The daughter of a woman who succumbed to cancer has told Good Morning Britain how her mother was "over the moon" that she could say goodbye to her beloved horse.
Sheila Marsh, 77, passed away just hours after nurses agreed she could be taken outside Wigan Royal Infirmary to say goodbye to her horse Bronwen.
It had been her dying wish to say goodbye to her horse, who she had looked after for 25 years.
Deputy director of nursing at the hospital, Pauline Law, said her "heart jumped into action" when she was first asked to see if Mrs Marsh could say goodbye to Bronwen.
Luckily, the team had a "perfectly choreographed plan" that helped Mrs Marsh fulfil her dying wish.
Her daughter Tina said her mother has "over the moon" and "clear as day shouting Bronwen's name".
The daughter of a woman who was visited by her beloved horse at hospital just hours before she died, says she was "crying her eyes out" as the two were reunited.
Shelia Marsh was allowed to see her horse Bronwen at Wigan Wrightington and Leigh Hospital. She lost her life to cancer just hours later.
Her daughter Tina Marsh, 33, told the Manchester Evening News, her mum’s hospital bed was wheeled outside for the meeting. She said: “I was crying my eyes out and all the nurses were crying too. She took comfort out of it and it was a beautiful moment.”
Tina said: “She loved her horses and she loved and adored all animals. She had six horses, three dogs, three cats and other animals.
“Her condition did not get any better and the hospital allowed us to bring Bronwen in. It was a matter of hours later that she passed away. I want to thank the hospital and all the nurses.
“It was very important for my mum. She was one of the most hard-working people that you could meet and she would do anything for anyone.”
Sheila Marsh passed away just hours after being taken outside in her hospital bed to say goodbye to her horse Bronwen.Read the full story ›
Leigh Centurions has led the tributes following the death of the club's oldest surviving player, Dick Breare.
Mr Breare, who was 93, first played the for the Rugby League club in October 1939. He died suddenly on Sunday.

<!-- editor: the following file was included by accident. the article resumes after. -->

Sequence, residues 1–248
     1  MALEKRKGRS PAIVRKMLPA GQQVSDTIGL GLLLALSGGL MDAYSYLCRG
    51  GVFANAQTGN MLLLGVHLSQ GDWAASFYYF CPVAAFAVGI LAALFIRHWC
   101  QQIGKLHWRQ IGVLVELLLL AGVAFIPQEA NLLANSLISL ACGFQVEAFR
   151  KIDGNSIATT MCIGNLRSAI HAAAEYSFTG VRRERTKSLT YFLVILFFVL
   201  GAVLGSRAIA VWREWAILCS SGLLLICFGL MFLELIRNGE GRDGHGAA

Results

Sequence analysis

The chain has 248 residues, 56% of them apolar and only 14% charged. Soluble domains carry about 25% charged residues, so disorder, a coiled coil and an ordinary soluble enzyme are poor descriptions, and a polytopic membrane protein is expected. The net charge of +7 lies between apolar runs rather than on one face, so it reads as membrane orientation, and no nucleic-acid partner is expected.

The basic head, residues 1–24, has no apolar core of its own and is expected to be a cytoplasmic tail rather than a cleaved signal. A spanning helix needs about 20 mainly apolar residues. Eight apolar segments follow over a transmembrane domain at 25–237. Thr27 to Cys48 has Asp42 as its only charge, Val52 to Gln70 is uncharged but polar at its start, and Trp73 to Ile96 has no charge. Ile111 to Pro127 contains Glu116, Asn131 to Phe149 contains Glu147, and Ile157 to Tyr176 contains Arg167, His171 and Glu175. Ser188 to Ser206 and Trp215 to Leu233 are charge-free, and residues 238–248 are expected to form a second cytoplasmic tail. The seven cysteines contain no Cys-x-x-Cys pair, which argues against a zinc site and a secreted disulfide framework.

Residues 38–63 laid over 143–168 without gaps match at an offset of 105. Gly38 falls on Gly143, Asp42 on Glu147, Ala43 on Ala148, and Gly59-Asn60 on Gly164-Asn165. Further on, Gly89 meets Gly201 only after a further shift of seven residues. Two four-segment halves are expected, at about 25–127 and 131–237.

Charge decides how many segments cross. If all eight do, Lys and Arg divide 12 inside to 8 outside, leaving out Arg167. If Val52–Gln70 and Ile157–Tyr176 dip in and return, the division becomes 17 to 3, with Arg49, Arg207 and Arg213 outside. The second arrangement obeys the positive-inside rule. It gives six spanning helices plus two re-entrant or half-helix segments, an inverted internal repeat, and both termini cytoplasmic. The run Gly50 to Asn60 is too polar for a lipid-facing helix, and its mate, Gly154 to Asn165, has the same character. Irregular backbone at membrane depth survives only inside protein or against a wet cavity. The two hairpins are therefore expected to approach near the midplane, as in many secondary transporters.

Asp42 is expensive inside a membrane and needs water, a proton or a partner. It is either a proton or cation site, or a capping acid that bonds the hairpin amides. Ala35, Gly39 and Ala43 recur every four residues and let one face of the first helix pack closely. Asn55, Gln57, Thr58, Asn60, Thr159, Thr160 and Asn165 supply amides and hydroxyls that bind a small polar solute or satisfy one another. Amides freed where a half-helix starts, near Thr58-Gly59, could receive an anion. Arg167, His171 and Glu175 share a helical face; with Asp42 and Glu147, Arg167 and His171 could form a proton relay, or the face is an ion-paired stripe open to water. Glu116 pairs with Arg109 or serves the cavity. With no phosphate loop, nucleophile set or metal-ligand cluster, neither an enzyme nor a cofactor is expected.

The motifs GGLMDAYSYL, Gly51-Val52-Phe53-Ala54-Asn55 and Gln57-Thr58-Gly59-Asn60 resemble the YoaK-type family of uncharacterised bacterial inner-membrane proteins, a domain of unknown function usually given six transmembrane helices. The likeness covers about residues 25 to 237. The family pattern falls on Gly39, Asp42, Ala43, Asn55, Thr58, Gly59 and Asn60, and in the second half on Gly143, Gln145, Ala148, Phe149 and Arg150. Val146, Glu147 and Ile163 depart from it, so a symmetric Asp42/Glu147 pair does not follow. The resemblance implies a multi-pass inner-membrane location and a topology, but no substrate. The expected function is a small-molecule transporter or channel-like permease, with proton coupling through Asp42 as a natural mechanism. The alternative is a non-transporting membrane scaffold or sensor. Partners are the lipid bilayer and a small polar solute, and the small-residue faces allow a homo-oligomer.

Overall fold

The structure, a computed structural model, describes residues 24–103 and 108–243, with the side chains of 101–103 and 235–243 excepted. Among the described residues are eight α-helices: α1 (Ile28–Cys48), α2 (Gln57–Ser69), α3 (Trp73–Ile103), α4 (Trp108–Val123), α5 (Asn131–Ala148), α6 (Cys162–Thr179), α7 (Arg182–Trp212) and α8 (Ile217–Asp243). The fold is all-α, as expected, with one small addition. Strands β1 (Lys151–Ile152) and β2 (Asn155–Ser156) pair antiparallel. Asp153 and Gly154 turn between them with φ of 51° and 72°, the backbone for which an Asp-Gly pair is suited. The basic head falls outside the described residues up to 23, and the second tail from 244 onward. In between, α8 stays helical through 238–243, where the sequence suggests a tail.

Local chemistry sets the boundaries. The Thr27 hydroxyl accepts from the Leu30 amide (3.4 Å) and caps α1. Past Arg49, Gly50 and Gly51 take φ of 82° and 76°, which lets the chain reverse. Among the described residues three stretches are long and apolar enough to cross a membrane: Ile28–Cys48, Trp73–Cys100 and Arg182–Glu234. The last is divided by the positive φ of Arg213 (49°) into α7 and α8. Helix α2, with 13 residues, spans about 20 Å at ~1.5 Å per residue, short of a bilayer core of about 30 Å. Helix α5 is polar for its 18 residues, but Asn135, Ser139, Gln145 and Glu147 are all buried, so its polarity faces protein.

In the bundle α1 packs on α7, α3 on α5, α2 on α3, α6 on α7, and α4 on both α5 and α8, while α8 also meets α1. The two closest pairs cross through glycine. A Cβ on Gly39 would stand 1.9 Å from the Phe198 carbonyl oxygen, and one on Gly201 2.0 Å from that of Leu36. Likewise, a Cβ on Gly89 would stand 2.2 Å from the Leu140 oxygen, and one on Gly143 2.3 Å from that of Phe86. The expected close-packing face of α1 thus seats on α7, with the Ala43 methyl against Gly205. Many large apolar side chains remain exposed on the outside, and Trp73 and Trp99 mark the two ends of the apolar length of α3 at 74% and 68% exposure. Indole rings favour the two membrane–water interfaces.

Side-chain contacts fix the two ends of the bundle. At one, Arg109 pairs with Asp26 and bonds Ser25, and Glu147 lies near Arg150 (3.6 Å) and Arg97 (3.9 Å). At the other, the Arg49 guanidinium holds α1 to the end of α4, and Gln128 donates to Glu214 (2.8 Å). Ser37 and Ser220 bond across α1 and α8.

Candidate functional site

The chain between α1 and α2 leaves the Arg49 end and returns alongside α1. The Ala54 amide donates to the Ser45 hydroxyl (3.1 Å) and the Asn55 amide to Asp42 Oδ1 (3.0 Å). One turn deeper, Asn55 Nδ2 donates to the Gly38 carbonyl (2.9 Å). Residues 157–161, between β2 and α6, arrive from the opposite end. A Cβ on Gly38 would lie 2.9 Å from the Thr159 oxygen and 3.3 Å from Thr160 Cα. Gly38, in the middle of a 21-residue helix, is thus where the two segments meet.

He served in the Royal Navy during the Battle of the Atlantic and on D-Day and returned to the sport after the Second World War,
He went on to make 69 appearances for Leigh, scoring 4 tries and kicking 86 goals, enjoying a good run in the first team during the 1950-51 season, when he scored two tries and kicked 53 goals in 27 games.
Mr Breare finished his professional career with a spell at Widnes after a £300 transfer in November 1952, kicking five goals in seven games before hanging up his boots.
The club said he continued to take a great interest in the Leigh club and lived locally.
Leigh Centurions won the Championship Grand Final on Sunday night.
Next year they'll go professional in a bid to gain promotion to Super League.
Until then, it's back to their day jobs away from the pitch, where their winners medals won't earn them a longer tea break.
One man's passion has landed him in the record books.
When Nick Bennett bought his first Aston Martin twenty years ago it started a life long fascination - not with cars but with James Bond.
Now, two decades on, his collection has more than 12,000 pieces in it and could be worth in excess of half a million pounds.
We sent our very own Odd Job, Matt O'Donoghue, to find out more:
A Bond buff from Leigh has got into the Guinness Book of Records for having the biggest collection of 007 memorabilia.
Our own Man with a Golden Pun, Matt O'Donoghue, has been out to meet Nick Bennett.
So what's your favourite Bond film? Who's the best, or can no one touch Connery? Let us know your thoughts on our Facebook page.
Sorry, this content isn't available on your device.
Nick Bennett is a collector of memorabilia. A record breaking collector. And his specialist subject is James Bond. The film buff has amassed more than 12 thousand different items all connected with the world's most famous secret agent. And they are lovingly looked after at his home in Leigh.
His collection is so extensive Nick's made it into the latest edition of Guiness World Records. He said "It's a dream come true. As a child I read the book from cover to cover and I cannot believe that I will actually be in this year's book as an official record holder."
A seven-year-old schol boy from Leigh has become one of the youngest people ever to get an A* GCSE grade.
The home-schooled boy genius, Thomas Barnes, was awarded the grade in maths after taking an exam with students more than twice his age.
The youngster, who also loves science, now plans to study physics and chemistry.
Thomas's father, Simon, 41, told the Manchester Evening News:
“We are very proud of Thomas, the future is bright for him. He has done this on his own, with only our help.
Other than that, he’s a normal kid who plays video games."
A man has been charged with murder after a woman was found dead in the garden of a house in Wigan.
Thomas Flanagan, 57, of Wigan Road, Leigh, will appear before Wigan Magistrates' Court later today.
Police were alerted just after midnight yesterday with a call from a member of the public who reported concerns for the welfare of a woman who lives at the house.
The victim, believed to be in her late 50s to early 60s, has not been named. She was found dead in the back garden.
A Home Office post-mortem examination will take place later to establish the cause of death.